Sir: Michael Nicholson’s story of a boat-owner finding contraband aboard from the previous owner (Letters, 22 November) reminded me of being compromised in Paris. As leader of a teenage school party, I suspected one or more of them of being in possession. As staff we searched suitcases and bedrooms with fingertip detail and found nothing for most of the trawl. I had warned the party in advance of the impending swoop and fully expected this outcome. But you can never guarantee no surprises, and we did find a stash of the substance tied in a waterproof bag, deep inside one toilet cistern. We dispatched the culprit home on the next Eurostar but that left me with the goods.
What should one do? Throw it away — but I wouldn’t be able to prove it; hand it into the police — and risk the whole party being banged up for a weekend; or bring it home for disposal (doesn’t bear thinking about). Finally I posted it to the British embassy from a box in the Champs Elysées. Now the truth is out and I sincerely apologise for the astonishment which must have accompanied the opening of the parcel there the day after. Sorry chaps.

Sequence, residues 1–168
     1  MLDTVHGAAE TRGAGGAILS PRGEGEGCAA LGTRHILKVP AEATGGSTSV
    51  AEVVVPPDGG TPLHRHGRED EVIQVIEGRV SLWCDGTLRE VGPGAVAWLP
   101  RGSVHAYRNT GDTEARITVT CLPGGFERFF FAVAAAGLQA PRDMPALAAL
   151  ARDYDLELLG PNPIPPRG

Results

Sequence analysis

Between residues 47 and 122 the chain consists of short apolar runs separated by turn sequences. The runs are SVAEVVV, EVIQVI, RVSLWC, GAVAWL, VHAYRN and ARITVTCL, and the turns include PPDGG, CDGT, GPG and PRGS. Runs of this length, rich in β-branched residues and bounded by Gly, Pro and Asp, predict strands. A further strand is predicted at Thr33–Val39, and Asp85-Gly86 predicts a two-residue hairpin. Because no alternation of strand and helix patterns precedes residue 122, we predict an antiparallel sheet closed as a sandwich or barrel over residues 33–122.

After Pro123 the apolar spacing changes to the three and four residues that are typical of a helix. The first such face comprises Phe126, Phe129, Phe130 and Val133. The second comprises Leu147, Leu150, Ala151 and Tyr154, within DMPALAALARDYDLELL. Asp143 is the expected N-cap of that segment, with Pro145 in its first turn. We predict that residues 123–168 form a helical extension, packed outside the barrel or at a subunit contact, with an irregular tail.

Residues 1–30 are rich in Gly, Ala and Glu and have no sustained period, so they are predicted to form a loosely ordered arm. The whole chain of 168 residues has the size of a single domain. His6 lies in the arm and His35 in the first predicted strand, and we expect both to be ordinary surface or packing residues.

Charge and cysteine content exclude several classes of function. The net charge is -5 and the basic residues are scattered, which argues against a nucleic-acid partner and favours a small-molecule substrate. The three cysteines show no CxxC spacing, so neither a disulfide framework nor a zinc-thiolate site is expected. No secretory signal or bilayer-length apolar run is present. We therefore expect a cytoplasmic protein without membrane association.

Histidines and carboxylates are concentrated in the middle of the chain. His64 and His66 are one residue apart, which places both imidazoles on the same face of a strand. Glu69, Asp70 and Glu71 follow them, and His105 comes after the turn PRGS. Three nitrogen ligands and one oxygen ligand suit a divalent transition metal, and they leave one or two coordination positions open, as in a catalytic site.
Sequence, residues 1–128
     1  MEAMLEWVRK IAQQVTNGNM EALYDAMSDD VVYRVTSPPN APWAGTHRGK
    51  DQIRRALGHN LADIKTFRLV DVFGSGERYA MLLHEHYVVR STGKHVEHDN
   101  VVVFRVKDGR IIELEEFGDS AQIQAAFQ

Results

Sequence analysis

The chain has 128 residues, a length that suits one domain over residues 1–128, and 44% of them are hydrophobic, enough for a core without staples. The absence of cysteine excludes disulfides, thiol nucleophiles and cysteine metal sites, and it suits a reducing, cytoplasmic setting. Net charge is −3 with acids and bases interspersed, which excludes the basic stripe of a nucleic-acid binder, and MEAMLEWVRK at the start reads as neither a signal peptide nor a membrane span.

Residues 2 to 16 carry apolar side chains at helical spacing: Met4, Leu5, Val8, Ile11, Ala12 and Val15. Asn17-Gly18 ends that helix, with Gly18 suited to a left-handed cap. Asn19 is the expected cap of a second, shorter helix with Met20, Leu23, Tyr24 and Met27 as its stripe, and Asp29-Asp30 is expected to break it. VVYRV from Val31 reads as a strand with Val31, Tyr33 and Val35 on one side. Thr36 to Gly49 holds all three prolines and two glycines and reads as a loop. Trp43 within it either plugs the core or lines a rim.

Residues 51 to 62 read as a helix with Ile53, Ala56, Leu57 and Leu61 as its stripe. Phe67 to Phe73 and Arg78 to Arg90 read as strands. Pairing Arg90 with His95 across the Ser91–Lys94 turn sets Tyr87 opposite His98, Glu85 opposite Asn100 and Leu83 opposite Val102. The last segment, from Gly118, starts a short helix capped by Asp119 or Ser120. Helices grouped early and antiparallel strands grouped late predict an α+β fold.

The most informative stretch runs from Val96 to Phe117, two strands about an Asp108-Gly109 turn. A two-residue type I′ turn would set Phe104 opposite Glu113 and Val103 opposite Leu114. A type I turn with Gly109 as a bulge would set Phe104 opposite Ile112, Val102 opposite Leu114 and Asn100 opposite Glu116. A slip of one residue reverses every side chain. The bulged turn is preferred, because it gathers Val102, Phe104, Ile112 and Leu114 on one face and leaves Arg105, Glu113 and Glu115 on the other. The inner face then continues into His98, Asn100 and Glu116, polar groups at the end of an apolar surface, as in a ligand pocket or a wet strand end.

Sir: The figures for national insurance that you published in your leading article (22 November) are incorrect. Unfortunately, employees have not paid a rate of 4.85 per cent on their annual earnings for many years. The current figure is 11 per cent. Also, the figures you quote for the lower and upper bands relate to 2007/08. The earnings figures for 2008/09 are £5,460 and £40,040 upwards respectively. Having written this, however, the points you make are very true. You have, if anything, understated the burden.